Online-grocery delivery service Instacart said venture firm Kleiner Perkins Caufield & Byers led its latest funding round totalling $220 million.
The company will use the cash to grow into new markets, both internationally and in the United States, Chief Executive Officer Apoorva Mehta said in an interview.
Kleiner also backs transportation service Uber, which aspires to expand beyond offering rides and so could be viewed as an Instacart competitor. Last year, Uber launched Uber Essentials, a service that delivers nonperishsable grocery and drugstore items in Washington, DC.
But Mehta said he did not see Uber as a rival.
"There are potential ways we can work with them rather than compete with them," he said, adding that he has talked to Uber executives about possible collaboration but has nothing to disclose currently.
Uber did not immediately respond to a request for comment.
Instacart also plans to start experimenting with other categories beyond groceries, Mehta said. While he declined to identify specifics, he said the service would likely stick to items consumers buy regularly rather than one-off items such as televisions and laptops.
Unlike grocery-delivery services from Amazon and Wal-Mart, Instacart relies on individuals who visit stores to buy goods for customers, rather than storing the products in a warehouse. That cuts down on overhead, Mehta said.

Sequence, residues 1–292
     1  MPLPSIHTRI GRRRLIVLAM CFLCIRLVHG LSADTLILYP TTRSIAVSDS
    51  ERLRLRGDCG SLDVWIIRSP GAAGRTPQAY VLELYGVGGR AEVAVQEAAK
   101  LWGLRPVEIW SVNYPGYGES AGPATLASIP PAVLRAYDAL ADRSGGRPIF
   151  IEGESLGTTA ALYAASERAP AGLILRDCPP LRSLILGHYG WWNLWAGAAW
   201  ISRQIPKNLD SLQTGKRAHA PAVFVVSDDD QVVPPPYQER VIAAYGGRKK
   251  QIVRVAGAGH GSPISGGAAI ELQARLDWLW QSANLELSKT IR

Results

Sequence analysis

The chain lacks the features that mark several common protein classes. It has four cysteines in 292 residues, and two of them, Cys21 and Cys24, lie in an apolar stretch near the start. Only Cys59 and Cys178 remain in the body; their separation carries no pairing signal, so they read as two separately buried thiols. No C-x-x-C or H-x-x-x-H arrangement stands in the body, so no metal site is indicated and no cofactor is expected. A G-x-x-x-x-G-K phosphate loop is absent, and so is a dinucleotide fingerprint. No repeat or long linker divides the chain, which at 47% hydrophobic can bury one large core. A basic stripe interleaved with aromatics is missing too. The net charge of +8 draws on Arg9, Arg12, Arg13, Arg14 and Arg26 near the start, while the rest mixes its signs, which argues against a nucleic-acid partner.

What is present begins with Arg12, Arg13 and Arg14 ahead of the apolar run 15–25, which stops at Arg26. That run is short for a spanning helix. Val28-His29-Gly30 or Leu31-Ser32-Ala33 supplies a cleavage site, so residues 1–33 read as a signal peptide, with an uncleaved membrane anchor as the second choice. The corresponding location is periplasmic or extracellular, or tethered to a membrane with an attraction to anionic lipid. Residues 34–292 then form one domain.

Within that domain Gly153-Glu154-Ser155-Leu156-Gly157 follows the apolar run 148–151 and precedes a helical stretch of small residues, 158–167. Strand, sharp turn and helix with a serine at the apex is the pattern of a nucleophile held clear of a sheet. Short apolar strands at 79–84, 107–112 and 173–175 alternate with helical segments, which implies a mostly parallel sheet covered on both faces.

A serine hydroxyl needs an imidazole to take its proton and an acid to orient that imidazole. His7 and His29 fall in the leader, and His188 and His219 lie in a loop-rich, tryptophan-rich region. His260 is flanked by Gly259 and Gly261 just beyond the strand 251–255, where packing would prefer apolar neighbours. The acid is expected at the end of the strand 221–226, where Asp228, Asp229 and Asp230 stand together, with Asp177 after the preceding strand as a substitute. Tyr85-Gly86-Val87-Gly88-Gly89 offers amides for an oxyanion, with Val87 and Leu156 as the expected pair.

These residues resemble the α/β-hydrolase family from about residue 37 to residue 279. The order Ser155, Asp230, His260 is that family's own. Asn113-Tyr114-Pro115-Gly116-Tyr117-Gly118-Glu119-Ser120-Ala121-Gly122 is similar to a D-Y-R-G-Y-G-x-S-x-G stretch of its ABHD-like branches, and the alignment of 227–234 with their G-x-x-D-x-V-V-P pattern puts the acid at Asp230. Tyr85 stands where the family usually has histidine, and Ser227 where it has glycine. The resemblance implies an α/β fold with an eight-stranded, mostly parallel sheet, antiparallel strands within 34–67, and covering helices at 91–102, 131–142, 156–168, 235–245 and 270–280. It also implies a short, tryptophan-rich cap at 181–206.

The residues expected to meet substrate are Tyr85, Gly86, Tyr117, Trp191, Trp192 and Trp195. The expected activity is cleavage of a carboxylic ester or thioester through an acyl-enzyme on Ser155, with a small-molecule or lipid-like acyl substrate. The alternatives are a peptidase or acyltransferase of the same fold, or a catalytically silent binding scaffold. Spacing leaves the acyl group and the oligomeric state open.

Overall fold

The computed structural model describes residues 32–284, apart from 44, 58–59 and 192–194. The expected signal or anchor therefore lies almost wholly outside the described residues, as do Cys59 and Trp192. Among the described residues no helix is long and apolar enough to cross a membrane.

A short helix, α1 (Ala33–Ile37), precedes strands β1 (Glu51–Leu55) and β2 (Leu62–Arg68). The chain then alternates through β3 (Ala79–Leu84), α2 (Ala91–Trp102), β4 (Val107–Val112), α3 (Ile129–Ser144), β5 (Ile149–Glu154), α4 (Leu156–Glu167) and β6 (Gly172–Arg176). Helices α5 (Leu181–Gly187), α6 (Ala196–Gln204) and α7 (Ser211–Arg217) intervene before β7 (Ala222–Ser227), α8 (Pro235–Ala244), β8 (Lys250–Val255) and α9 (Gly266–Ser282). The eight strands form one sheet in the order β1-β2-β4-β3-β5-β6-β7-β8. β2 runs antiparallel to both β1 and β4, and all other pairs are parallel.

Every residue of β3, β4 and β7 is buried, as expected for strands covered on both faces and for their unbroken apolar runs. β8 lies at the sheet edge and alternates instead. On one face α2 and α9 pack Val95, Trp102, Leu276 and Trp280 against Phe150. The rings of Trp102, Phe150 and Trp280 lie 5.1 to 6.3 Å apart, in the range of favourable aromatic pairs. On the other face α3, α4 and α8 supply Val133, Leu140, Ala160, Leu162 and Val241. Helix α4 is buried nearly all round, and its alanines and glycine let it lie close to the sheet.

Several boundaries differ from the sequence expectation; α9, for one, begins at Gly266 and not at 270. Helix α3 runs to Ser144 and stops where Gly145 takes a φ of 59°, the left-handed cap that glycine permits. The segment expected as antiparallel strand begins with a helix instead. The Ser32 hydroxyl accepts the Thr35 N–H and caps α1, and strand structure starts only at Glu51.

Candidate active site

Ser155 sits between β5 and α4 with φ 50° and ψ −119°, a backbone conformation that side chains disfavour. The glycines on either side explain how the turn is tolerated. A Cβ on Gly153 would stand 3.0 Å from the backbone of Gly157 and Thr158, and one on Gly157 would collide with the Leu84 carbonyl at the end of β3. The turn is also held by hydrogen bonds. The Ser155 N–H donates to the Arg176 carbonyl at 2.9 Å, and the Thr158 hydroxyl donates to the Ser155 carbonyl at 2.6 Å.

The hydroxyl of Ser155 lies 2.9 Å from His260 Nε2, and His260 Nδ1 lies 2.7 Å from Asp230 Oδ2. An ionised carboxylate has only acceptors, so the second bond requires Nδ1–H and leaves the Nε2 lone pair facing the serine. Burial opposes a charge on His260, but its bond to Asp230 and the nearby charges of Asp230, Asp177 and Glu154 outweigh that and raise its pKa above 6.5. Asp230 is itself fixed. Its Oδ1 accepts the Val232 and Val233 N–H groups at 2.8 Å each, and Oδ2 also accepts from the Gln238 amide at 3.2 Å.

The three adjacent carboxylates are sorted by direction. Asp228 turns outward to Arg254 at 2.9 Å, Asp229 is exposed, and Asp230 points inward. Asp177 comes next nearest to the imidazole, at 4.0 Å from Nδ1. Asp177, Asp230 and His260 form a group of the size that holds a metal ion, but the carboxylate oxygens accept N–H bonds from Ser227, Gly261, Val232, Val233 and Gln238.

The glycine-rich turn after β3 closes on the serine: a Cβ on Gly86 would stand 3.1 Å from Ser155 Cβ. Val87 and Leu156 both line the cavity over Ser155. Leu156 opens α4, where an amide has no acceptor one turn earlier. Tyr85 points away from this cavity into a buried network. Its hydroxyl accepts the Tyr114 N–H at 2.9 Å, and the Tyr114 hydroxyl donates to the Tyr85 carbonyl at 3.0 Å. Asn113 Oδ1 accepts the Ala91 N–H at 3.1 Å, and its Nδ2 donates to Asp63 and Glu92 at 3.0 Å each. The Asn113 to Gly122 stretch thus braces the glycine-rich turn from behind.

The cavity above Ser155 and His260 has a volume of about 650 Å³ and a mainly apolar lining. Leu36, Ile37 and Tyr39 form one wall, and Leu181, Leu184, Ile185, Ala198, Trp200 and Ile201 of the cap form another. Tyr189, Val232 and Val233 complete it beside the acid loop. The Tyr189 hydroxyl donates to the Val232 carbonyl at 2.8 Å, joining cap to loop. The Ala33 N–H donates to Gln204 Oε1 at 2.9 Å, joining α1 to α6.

He also dismissed concerns over competition from errand services such as TaskRabbit, because Instacart is specialized, allowing shoppers to check boxes rather than type out long lists on their smartphones.
The latest funding round, which values Instacart at $2 billion, comes months after a $44 million round in June. Then, the company was valued at around $400 million.
Instacart deserves a high valuation, said Kleiner partner Mood Rowghani, because its convenience factor will drive the popularity of on-demand retail far beyond today's levels.
"We see far-reaching potential beyond merely grocery," he said, comparing Instacart to Amazon in its early days, when the online retailer focused only on books. "This business offers mainstream appeal."
Other new investors in the latest round include Comcast Ventures, Dragoneer Investment Group, Thrive Capital, Valiant Capital, along with existing investors Andreessen Horowitz, Khosla Ventures and Sequoia. Instacart has now raised $275 million, it said.
All the funding is primary, Mehta said, meaning it is going to the company rather than for use to buy out existing shareholders such as early employees.
(Reporting by Sarah McBride; Editing by David Gregorio)